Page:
BUTTE – Sheila Hogan, a native of Butte, was raised by a single mother after her father was killed working in the mines.
She came from a family of strong, can-do women.
Now in a state leadership position and co-chairwoman of Gov. Steve Bullock’s Equal Work Task Force, Hogan knows better than anyone that the wage gap between women and men doing the same job must be narrowed.
“It’s really unconscionable that women make 33 percent less than their male counterparts,” said Hogan, state Department of Administration director and a 1975 Butte High School graduate. “Although pay discrimination has been illegal in Montana, it still happens.”
Hogan, along with Pam Bucy, commissioner of the Department of Labor and Industry, team-tagged a task force update for a civic-minded Butte-Silver Bow Burros lunch crowd at Butte Country Club earlier this week.
They are on a mission to narrow the wage gap between men and women who work in the same jobs.
Montana women workers still earn only 67 percent of what men are paid in the same job. In annual salaries, for example, that amounts to $19,614 for women compared to men at $29,250 for doing the same duties.
Those numbers persist despite the fact that there 37,454 households in Montana are headed by women, according to the National Partnership for Women and Families. About 33 percent, or 12,173, of those households have incomes that fall below the poverty level.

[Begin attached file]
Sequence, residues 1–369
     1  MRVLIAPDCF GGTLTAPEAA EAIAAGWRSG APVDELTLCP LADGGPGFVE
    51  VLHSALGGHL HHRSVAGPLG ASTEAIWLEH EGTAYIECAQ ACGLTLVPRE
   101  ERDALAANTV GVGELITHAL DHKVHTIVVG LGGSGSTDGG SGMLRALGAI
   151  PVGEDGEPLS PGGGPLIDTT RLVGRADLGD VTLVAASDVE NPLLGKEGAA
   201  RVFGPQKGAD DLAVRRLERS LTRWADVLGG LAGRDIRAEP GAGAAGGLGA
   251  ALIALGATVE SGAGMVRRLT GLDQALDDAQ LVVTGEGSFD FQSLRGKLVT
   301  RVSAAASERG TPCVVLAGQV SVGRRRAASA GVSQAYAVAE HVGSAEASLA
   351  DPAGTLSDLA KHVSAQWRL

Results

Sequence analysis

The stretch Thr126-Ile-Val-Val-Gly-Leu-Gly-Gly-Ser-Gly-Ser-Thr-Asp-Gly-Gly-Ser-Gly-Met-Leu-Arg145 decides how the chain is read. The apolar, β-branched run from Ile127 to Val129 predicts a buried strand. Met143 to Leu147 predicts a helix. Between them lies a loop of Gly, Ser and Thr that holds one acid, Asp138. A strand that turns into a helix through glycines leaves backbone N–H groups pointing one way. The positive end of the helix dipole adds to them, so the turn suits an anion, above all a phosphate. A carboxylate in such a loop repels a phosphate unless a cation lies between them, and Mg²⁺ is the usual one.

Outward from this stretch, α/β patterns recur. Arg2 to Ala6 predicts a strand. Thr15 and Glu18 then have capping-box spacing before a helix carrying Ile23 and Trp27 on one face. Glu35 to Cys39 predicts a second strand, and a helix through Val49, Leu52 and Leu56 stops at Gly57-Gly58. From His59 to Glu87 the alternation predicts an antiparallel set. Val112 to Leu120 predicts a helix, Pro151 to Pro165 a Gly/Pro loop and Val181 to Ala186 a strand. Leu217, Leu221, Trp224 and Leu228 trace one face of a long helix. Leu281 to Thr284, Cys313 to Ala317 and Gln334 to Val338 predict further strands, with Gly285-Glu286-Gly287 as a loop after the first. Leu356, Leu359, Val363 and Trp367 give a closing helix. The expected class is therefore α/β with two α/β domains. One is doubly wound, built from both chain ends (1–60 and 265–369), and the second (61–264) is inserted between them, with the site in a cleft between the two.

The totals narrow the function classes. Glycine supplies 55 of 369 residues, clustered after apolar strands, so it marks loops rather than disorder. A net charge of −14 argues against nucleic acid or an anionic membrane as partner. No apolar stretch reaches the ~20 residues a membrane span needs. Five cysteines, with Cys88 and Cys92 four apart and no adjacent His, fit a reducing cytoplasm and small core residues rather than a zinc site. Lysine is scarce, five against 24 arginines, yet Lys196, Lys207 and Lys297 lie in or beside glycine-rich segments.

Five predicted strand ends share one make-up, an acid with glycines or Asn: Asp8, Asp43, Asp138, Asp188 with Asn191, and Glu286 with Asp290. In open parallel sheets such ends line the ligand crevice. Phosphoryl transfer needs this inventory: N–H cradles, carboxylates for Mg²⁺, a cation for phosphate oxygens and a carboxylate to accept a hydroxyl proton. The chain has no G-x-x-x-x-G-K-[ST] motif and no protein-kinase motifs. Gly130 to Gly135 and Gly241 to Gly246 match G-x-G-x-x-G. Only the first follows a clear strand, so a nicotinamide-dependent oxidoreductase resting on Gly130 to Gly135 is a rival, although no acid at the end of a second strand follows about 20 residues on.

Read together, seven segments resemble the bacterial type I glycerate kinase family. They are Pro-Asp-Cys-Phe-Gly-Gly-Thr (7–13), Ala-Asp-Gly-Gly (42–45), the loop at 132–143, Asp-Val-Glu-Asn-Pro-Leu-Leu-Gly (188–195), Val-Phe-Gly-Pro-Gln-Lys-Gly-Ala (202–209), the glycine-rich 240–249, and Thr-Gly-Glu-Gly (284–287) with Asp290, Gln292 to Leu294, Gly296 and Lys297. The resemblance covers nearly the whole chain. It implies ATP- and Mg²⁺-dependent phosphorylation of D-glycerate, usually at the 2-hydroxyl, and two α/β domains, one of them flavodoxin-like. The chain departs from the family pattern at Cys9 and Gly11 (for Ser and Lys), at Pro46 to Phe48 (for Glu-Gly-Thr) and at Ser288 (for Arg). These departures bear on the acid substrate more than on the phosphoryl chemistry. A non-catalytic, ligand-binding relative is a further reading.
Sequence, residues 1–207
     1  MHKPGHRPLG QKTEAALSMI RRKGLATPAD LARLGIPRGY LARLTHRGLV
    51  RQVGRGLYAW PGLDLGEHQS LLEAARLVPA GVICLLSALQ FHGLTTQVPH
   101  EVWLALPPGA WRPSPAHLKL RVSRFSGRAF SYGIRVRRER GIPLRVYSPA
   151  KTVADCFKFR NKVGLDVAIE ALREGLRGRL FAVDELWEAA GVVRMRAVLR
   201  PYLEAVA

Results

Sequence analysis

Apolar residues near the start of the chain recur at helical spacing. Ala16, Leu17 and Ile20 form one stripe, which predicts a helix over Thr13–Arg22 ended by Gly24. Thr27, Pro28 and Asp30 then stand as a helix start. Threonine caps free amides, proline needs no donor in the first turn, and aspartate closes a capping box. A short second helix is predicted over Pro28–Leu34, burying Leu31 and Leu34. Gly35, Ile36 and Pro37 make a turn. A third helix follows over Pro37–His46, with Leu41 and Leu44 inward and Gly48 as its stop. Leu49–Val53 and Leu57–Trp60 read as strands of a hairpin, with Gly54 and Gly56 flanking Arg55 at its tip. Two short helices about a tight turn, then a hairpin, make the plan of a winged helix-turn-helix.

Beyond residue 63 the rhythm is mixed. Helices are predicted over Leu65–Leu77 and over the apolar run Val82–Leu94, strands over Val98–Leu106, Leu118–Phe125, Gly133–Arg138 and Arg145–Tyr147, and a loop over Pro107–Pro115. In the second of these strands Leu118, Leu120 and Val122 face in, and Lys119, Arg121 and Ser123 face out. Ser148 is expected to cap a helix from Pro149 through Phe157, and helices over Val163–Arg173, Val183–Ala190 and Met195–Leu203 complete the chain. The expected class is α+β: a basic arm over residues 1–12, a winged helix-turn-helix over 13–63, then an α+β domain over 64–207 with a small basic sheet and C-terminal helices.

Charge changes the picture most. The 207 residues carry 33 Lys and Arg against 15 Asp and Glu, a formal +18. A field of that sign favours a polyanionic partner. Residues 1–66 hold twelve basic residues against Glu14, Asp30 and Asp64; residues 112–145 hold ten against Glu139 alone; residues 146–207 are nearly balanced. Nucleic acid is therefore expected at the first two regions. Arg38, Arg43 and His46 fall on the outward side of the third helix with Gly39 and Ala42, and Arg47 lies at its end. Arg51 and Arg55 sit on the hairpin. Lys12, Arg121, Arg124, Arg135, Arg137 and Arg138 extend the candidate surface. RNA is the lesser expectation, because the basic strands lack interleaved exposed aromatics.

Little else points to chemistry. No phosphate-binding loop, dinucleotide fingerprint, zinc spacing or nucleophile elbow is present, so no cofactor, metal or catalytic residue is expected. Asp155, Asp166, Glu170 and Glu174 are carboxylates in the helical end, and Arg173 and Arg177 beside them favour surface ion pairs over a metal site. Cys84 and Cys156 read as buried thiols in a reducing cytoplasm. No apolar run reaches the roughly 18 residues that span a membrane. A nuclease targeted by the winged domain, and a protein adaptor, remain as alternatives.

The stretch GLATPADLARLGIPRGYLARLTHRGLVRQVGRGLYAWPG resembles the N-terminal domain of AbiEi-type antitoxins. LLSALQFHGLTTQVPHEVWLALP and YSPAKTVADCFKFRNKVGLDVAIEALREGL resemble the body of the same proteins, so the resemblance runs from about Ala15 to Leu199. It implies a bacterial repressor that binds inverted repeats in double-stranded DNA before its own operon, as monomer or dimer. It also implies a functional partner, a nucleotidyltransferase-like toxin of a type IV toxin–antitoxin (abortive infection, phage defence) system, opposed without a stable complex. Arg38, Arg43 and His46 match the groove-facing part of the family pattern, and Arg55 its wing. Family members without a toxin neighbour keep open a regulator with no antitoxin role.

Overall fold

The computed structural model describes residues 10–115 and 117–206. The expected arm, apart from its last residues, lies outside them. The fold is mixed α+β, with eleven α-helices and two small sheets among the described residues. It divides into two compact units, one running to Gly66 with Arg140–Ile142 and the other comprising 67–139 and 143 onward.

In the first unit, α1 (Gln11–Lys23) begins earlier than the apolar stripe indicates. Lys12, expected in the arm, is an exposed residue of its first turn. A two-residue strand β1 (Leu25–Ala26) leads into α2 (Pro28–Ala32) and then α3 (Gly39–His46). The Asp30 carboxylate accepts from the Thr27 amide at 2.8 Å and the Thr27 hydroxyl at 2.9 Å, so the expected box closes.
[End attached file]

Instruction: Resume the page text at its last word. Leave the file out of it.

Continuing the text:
Still, employers need to accept the fact that some women want to do nontraditional jobs like driving truck or plumbing, said Hogan.
“When there’s more money in that household, it raises that family out of poverty,” Hogan added.
Hogan, executive director of the nonprofit Career Training Institute in Helena for 20 years prior to her state duties, brings special insight and experience into private and public work conditions.
She and the task force aim to study the breadth, causes and consequences of the wage gap by age, sector, education level and location.
Private for-profit workers experience the greatest pay inequity, as full-time women workers earn only 66 percent of what their male counterparts earn.
Bucy said that in state government, 51 percent of employees are women, but most of the highest-paying administrator jobs are held by men.
If the wage gap were eliminated, the National Partnership for Women and Families reports that a working woman in Montana would then have enough money for about 76 more weeks of food (1.5 years’ worth); eight more months of mortgage and utility payments; 16 more months of rent; or 3,145 additional gallons of gas.
The good news is that women are slowly gaining more leadership positions that sometimes come with better pay. Women like Hogan and Bucy comprise 75 percent of Bullock’s personal staff.
Yet, 50 years after President John F. Kennedy signed into law the Equal Pay Act, American women earn, on average, only 77 percent of what their male counterparts earn.
But Hogan and Bucy represent a pocket of women who are gaining ground in the multifaceted issue of pay and work equity.
“We want to show the governor that Montana is ready to close the wage gap,” said Bucy, a Townsend and Helena native married to Butte native Mark Piskolich.